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Wednesday, October 25, 2006

White House group pour money to Lieberman

The Journal Inquirer connects the dots and exposes the money trail between Joe Lieberman and President Bush.
The Connecticut Issues Project, a tax-exempt group behind campaign literature lauding U.S. Sen. Joseph I. Lieberman, has received nearly all of its funding from five people who don't live in Connecticut, including two who each contributed $20,000 to the Republican National Committee, government records show.

The stated purpose of the Washington, D.C.-based group, established in April as what the IRS calls a "527" political organization, is "to educate the public in Connecticut about the records and positions of elected officials and public policy issues."

The group is perhaps best known for a flier mailed under its name to state voters last month that on one side asked, "When George Bush wanted to close the New London Sub Base, who was there to stop him?"

The answer, printed on the other side, was "Connecticut's Joe Lieberman," whom the flier praised not only for "saving" the sub base but also for "fighting for the needy."

The Connecticut Issues Project by the end of September spent a total of $236,964, primarily on consulting services and opinion research, according to its latest report to the IRS.

The document reveals that more than 95 percent of that money - $225,000 - came from a handful of big donors who all contributed to the group immediately before the Democratic primary in August:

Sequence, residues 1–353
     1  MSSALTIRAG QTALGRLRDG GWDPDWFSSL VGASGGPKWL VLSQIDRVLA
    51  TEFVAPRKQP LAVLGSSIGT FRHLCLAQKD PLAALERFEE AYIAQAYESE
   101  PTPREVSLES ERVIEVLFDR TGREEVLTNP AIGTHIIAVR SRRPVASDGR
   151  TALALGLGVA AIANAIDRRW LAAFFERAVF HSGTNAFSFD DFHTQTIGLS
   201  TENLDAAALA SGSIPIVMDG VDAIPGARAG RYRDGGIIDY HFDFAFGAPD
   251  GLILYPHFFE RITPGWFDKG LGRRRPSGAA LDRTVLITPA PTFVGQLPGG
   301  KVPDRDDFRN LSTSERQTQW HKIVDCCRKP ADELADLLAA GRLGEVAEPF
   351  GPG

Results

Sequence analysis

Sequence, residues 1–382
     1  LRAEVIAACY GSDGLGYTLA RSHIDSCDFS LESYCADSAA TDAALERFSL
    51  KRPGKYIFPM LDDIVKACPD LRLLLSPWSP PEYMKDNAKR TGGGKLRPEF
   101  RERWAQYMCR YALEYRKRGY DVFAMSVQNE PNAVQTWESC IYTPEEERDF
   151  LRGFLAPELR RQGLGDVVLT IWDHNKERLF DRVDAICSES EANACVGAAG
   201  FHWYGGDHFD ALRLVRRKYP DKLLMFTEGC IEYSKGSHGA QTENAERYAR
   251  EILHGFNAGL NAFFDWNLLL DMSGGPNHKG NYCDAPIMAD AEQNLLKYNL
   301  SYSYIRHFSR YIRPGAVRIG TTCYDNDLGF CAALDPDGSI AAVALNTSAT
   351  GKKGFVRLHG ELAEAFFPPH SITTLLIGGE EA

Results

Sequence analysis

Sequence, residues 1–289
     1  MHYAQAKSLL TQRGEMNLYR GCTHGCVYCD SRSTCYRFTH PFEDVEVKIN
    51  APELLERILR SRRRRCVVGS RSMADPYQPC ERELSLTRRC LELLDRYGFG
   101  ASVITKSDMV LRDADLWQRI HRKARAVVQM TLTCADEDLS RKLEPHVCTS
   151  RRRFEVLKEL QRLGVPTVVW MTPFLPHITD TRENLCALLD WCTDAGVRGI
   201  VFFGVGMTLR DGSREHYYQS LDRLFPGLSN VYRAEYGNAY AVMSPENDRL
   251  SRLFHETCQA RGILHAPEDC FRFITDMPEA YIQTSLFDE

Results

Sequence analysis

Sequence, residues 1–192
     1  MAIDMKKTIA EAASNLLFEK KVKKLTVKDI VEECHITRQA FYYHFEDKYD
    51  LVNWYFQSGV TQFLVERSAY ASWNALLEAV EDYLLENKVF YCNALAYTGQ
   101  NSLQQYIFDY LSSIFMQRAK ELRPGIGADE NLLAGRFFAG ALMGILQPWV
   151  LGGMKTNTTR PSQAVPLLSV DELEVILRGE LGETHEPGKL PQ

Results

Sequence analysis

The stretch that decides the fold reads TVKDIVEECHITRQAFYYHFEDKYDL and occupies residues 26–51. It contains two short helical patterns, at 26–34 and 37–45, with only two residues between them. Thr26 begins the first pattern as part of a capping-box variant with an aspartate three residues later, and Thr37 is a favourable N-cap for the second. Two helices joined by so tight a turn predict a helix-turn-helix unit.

* Stephen Lazovitz, a nursing home developer from New Jersey who contributed $75,000.

* John Doerr, a venture capitalist from California who gave $50,000.

* Alan and Miriam Goldberg, a New York financier and his wife who also gave $50,000.

* Patrick Rohan, a corporate executive in New York, another $50,000 donor.


Lazovitz, identified in IRS and Federal Election Commission records as the owner of Lavovitz Builders, a developer with Seniors Management, or the chief executive officer of Seniors Health Care Inc., made $36,750 in campaign contributions to various candidates since 2001.

Recipients included Republican leaders George Bush and Dick Cheney, Sens. Rick Santorum and Arlen Specter of Pennsylvania, and Katherine Harris, the former secretary of state in Florida.

Alan Goldberg, a partner in the new York firm of Goldman, Lindsay and Co. and the former chairman and chief executive officer of Morgan Stanley Private Equity, and Miriam Goldberg, identified in IRS and Federal Election Commissions records as a "housewife," each made $20,000 to the Republican National Committee in 2001.

Mr. Goldberg also has a long record of contributions to Republican committees and candidates, including Bush and the Bush-Cheney Compliance Committee, as well as Sen. Orrin Hatch of Utah and former House Majority Leader Tom DeLay of Texas.
Joe Lieberman (R-CT).